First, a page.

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Mercedes-Benz CLS Shooting Brake 2012 Road Test

Mercedes-Benz’s ceaseless quest to fill every conceivable niche continues as it adds a Shooting Brake model to its CLS four-door coupé line-up. Style over substance? Or perhaps a genuinely more practical and desirable take on Mercedes-Benz’s styling grand tourer. The CLS Shooting Brake may answer questions nobody asked, but it’s achingly desirable regardless.

Adding a niche to a niche the CLS Shooting Brake enhances the practicality of a car that in its regular ‘four-door coupé’ guise removed usefulness from the saloon car genre. Confused? Not as much as the people in Mercedes-Benz’s product planning department are. The CLS isn’t a rational choice though. Indeed, if every Mercedes buyer bought cars with their heads then they’d all buy an E-Class - with which the CLS shares a great deal of its mechanical components.

 

By that rationale the CLS Shooting Brake makes even less sense, as, if you need a load-lugging Merc, the E-Class Estate has that angle covered. The CLS Shooting Brake isn’t a car you’ll be lugging furniture in. That said, the loading capacity isn’t as scant as the curvature of that roofline might have you think. Keep the seats up and the CLS Shooting Brake has 590 litres of load space. Pop them down, via the simple Quickfold system and luggage capacity swells to 1550 litres - some 50 litres greater than a C-Class Estate.

 

It is unlikely though that you’ll care about how much space is in the boot. However, the rear headroom - and greater feeling of airiness in the rear - will be welcome if you’re sat in the back. Forget about luggage though, as the CLS Shooting Brake is for those who love the aesthetic; it's a beautiful and interesting car. That luggage area can be optionally finished in Cherry Wood with aluminium and rubber inlays, aping the decking on fine yachts.


At over £4000 that wooden boot floor exemplifies where the CLS Shooting Brake sits in the Mercedes-Benz range. It’s a niche model for wealthy individualists and that means limited choice. So the CLS Shooting Brake’s engine line-up isn’t as extensive as even its closest relation. The CLS 500 model is dropped, petrol V8 buyers served in the Shooting Brake only by the 5.5-litre turbocharged V8 in 63 AMG guise. Served a large portion too, the blown V8 delivering 557PS to enable it to reach 62mph in just 4.4 seconds. Tempting as that sounds (and it does sound glorious), the official combined economy figure of 28.0mpg - and huge leap in price over the other Shooting Brake models - does rather limit its appeal.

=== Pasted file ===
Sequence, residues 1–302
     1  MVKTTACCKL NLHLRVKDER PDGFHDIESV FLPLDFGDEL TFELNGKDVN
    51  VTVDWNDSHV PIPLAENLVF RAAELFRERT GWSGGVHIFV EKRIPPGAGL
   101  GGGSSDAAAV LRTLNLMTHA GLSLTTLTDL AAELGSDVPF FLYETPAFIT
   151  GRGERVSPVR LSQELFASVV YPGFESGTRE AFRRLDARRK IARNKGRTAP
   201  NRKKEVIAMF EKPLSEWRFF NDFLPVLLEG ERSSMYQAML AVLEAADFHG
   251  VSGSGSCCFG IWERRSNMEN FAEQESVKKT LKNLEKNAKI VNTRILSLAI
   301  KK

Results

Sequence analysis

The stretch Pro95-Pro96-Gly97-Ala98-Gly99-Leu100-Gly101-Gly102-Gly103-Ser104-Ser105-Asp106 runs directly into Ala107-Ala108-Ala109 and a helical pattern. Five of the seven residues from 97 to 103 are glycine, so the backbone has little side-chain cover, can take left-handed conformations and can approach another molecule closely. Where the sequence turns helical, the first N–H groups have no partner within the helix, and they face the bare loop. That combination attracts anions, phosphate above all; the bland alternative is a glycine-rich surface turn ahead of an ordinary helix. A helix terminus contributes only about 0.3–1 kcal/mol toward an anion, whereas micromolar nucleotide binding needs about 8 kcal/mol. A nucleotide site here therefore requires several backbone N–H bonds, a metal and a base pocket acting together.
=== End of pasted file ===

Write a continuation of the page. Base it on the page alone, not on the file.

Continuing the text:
Mercedes CLS Shooting Brake (7)

 

That leaves the turbodiesel pairing of the CLS 250 CDI and CLS 350 CDI to make up the numbers. The 250 uses a four-cylinder engine, its 204PS and sizable 500Nm of torque still feeling a touch overwhelmed by the CLS Shooting Brake’s bulk. It’s a capable enough cruiser, but ask it for quick acceleration on the move and the narrow band of torque does run out rapidly while refinement decreases as the revs rise. No such issues in the 350 CDI, it benefitting from a pair of additional cylinders - arranged in a 'V' formation - and output up to 265PS. It feels significantly quicker, not least because of the ease with which it hauls the Shooting Brake along. Thank not just the greater torque output - 620Nm - but the wider band in which it operates, giving the CLS Shooting Brake the sort of easy pace that befits a premium GT car in this price range.


Choose the diesel versions if you want a more compliant ride, as the flagship AMG’s suspension is a touch compromised on less than perfect tarmac. The ride is more supple on the standard suspension, yet not at the expense of control, which remains very impressive indeed. The steering is slightly dead around the straight-ahead, but its weighting and speed improves off centre, and the CLS’s agility is remarkable given its size.


If there’s a weak link it’s the automatic transmission. It’s reluctant to shift on command when you flick the wheel-mounted paddles, and sometimes jerky to engage from standstill. It’s slick enough on the move when left to its own devices, and does - in conjunction with a stop-start system - help the CLS Shooting Brake achieve its decent fuel consumption figures. Obviously the CLS 250 CDI is the star here with a combined economy figure of 53.3mpg and CO2 rating of 139g/km, but you’ll take the consumption hit of the 350 CDI just to save you the blushes of being burned off at the lights by reps in BMW 320ds. Pick the 350 CDI and the economy drops to a still credible 47.1mpg, though in either version, if you choose the AMG Sport trim - which brings bigger wheels, AMG styling and sports suspension - you’ll pay at the pumps. Only marginally, though.


That 350 CDI variant makes most sense in terms of pricing too, as Mercedes-Benz only asks around £4,000 more for it over the 250 CDI. Increased specification alone accounts for a sizeable portion of that, making the CLS Shooting Brake 250 CDI redundant unless you’re entirely driven by economy and emissions. So this is a three-car range that could really be one, as the only model that makes any sense is almost a niche, within a niche of a niche…

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